Recently, the Chief Executive of the Australian Chamber of Commerce and Industry (ACCI), Andrew McKellar, gave a speech to the National Press Club of Australia in which he singled out the Maritime Union of Australia as a drag on productivity in Australia. Although I am no friend of the MUA (I was a manager at Patrick Stevedores during the 1998 Waterfront Dispute), I feel that his remarks on productivity in Australian ports only tell part of the story. story.
The figures quoted by Mr. McKellar are misleading. While Australia’s ports are not world beaters, we are not at the bottom of the World Bank rankings, as Mr McKellar said. After a careful review of the World Bank report, which I have undertaken here, our ports rank in the middle of the table when comparing like for like. Mr McKellar also mentions the issue of a “family and friends” style clause in the Hutchinson Ports company agreement, where 70% of new hires must come from a union list of names. This is a reflection of the negotiating skills of Hutchison Ports and the MUA, and no such clause is evident in other tie-up agreements.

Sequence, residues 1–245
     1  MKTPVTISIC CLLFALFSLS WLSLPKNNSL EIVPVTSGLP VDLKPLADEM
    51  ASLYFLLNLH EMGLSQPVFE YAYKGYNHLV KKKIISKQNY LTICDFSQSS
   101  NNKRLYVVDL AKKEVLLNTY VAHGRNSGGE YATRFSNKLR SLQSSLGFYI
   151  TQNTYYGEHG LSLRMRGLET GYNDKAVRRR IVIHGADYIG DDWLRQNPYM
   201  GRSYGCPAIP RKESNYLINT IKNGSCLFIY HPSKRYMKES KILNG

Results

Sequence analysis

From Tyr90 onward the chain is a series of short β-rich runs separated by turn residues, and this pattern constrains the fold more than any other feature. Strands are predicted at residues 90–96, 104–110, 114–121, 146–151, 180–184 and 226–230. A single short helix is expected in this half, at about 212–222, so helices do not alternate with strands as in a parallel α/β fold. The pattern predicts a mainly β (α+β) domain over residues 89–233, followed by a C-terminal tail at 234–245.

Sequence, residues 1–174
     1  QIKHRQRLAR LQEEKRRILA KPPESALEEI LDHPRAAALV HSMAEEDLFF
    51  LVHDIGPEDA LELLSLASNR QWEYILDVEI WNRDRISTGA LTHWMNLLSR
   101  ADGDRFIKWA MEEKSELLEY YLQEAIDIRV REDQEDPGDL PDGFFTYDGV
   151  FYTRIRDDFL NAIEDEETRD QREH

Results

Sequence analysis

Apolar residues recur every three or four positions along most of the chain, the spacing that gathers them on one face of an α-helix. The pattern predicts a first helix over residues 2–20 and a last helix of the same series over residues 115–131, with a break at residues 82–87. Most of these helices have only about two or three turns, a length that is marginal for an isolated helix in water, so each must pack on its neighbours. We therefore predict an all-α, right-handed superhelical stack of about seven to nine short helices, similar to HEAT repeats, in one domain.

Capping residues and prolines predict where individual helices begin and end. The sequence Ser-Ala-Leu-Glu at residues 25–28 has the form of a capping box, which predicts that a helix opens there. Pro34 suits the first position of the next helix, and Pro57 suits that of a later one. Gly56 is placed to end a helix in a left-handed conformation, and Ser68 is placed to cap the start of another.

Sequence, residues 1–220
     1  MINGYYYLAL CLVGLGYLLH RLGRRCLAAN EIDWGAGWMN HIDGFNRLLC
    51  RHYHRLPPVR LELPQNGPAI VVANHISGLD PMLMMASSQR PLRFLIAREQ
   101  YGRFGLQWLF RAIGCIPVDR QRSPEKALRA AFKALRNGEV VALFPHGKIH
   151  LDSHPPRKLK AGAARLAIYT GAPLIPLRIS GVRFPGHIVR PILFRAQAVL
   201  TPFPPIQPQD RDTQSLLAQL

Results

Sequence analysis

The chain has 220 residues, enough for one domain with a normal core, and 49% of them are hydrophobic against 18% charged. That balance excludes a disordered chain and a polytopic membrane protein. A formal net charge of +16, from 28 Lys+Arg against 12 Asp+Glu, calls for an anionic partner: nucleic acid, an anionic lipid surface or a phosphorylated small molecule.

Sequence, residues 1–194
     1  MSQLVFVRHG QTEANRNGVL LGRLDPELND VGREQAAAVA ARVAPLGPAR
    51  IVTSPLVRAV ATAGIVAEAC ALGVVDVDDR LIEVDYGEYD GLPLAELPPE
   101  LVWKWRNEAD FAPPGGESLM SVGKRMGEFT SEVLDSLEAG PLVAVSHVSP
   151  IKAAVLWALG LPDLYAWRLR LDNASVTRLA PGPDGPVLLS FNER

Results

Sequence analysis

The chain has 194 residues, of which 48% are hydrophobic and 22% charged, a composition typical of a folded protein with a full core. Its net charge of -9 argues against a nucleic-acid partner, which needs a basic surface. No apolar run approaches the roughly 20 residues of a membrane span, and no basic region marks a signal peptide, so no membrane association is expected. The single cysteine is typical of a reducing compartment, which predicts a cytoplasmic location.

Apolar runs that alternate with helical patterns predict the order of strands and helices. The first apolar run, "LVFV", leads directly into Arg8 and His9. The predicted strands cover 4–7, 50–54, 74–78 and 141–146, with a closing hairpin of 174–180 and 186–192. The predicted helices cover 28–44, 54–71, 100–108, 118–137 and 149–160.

I agree with Mr. McKellar’s comment about poorly conducted port privatizations that have produced near-monopoly conditions that stifle competition. What Mr McKellar did not mention is that last year shipping companies made a combined profit of $190 billion and are expected to reach $300 billion this year, according to the shipping consultancy. maritime Drewry. Part of this is due to Australian importers and exporters who have seen freight rates and shipping costs increase by more than 300% in recent years. Alphaliner research also indicates that the top 10 shipping lines now control nearly 85% of the global market due to consolidations and mergers, leading to less competition.
Earlier this year, the previous government commissioned the Productivity Commission to investigate Australia’s maritime logistics systems. The draft report was due to be released in June, however, due to the change in government, I suspect the report is currently gathering dust on the shelves and is unlikely to be released before the “Summit on jobs and skills” in September.
Hopefully the “Jobs and Skills Summit” and the research conducted by the Productivity Commission will lead to meaningful outcomes leading to smooth discussions between employer groups and unions and improved overall productivity. from Australia.
Pierre van Duyn,
Marine Logistics Expert, Deakin University